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Did you go with a FWD or an AWD Terrain?


172704 Views 147 Replies 51 Participants Last post by  Copperhead
So, did you go with the Front Wheel Drive (FWD) model, or did you upgrade to the All Wheel Drive (AWD) one? I'm curious to see which model is selling better.

*If you ordered recently or waiting for delivery, please vote!

**If you're thinking about ordering/buying/leasing a Terrain and know which one you're getting, please vote!

I'm not sure which model I'd go for. Instinctively, I want AWD for the added safety, but I live in southern NJ and we don't see that much snow to concern me (though it's nice to have the safety of AWD, do I really want to pay in fuel mileage for something not needed as much - yes I know, AWD helps out in rain too). My mom hates driving in snow/rain and her '05 Saturn VUE has AWD; friends have a '02 VUE I-4 FWD and love it, but the wife wants AWD in her next CUV for the "added safety".
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OK, getting back to the original question, can you explain in laymans terms (for dummies like me) how is AWD different from the FWD when the StabiliTrak is on.
With FWD the rear wheels contribute nothing to either push or pull the vehicle. With AWD the rear wheels apply 10% or more of engine power to the ground.
With AWD , all four wheels will push or pull the vehicle after the VCM detects slippage on the front wheels and tightens the clutches in the rear differential . Some AWD vehicles apply full clutch pack tension to the rear axle from 0 to 5mph just to ensure that wheel spin has a very limited opportunity to occur.
AWD also reduces the 3.6L's torque steer to about nil.
Note too not all AWD systems are equal Some work at preset levels, some adjust front to rear and some detect each wheel for slippage and the computer controls the car to keep it going true.

Many of the higher level cars use the latter system and Haldex is the prime designer of one of these systems. GM has been using them on their best system.

AWD is more for on road traction and should not be confused for use off road in all applications. You can use it on back roads and gravel roads but I would not want to get into a field and heavy muck with it.

In must suburban driving AWD is a help but not a must as most roads are maintained in most of these areas. Now if you live out and do not like plow your drive or just want the extra traction it is a help. As to if you need it or not is something that each owner just has to decide for themselves. Most can get by with FWD and a good set of tires but other may need it due to the lack of skills or have much works conditions to drive in than suburban drivers.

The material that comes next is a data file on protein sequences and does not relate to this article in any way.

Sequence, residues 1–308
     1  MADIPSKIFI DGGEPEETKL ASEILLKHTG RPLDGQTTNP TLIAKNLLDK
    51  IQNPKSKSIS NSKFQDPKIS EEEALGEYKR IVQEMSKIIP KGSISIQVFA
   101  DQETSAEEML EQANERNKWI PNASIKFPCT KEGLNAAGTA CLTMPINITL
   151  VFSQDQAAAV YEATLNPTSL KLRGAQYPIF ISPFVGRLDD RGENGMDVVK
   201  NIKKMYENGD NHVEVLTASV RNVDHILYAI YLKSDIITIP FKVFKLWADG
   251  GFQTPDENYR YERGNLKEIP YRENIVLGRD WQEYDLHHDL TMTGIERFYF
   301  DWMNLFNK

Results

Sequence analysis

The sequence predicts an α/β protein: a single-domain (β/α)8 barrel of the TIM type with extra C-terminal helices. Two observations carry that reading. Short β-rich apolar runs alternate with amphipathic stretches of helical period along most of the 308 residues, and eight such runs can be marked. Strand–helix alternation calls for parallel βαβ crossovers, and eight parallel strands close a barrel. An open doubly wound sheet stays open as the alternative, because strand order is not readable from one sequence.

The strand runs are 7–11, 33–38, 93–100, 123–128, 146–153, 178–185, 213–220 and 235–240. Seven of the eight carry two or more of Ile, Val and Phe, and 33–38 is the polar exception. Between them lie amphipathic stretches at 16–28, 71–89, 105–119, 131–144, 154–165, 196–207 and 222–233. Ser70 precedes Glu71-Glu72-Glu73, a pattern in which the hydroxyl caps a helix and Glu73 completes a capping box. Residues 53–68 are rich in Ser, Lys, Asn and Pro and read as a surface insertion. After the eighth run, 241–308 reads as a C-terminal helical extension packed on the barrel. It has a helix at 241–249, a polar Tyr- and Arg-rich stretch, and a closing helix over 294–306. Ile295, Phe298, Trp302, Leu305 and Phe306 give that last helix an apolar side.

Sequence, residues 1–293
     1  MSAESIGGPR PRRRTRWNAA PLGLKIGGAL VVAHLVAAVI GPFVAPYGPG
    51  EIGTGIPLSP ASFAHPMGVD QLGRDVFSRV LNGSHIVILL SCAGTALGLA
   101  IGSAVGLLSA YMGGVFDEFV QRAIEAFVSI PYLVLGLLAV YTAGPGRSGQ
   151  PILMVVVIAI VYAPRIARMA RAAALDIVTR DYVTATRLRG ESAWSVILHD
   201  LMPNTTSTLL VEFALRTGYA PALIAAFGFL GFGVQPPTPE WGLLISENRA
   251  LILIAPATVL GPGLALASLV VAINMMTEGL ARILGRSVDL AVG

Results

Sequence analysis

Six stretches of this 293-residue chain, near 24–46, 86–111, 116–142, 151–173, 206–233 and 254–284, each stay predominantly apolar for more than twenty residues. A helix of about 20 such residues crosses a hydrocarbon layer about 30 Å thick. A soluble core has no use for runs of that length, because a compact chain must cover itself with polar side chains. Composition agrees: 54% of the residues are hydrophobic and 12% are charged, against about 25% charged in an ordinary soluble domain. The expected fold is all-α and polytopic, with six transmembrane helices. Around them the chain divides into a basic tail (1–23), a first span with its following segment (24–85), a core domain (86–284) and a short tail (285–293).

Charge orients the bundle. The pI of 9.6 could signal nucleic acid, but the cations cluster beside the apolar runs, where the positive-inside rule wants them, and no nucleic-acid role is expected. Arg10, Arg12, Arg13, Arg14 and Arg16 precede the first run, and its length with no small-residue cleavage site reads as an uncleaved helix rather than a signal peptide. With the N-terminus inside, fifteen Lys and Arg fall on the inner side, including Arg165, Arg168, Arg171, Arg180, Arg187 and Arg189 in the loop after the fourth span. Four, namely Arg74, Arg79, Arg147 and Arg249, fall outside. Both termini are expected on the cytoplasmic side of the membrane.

The systems we have on our vehicles here are some of the more basic systems. They work well but are not as complex as say the new system on the Regal GS or Cadillac. I expect the next gen Terrain and Nox to get a much more up to date system. The fact is our vehicle is really an older GM platform and it was pretty advanced when it first came to market but as time moved on so did technology.
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I live in snow country 6 months a year and with all the hills in Marquette Mi. You need all wheel drive to get around safely.
Very interesting that the split is close to 50-50.
Rit said:
Very interesting that the split is close to 50-50.
Probably about the right split. Mostly those is the snow belt would go for AWD while those in the warmer South and
Florida and California don't really need AWD.

My nearest dealer seems to have about 60% AWD on his lot usually. I might consider AWD except the penalty in MPG and additional cost of purchase. Plus, we already have Stabiltrack which seems to suffice.
JayTee2014 said:
I might consider AWD except the penalty in MPG and additional cost of purchase. Plus, we already have Stabiltrack which seems to suffice.
I live in the Great White North, Canada...
As soon as a used AWD Equinox was available at a reasonable cost in better than average condition.
I purchased it.
No regrets, excellent purchase, the Nox loves the snow & ice more than I do.
We live in Central Iowa, rural, and it is 2 miles of gravel roads to the nearest hard road from our house. AWD was pretty much desired as a necessity as opposed to a novelty. Of course, when the snow is really bad or the roads are going thru their spring mud period, the Silverado 2500 gets used more frequently and the Nox sits in the garage.
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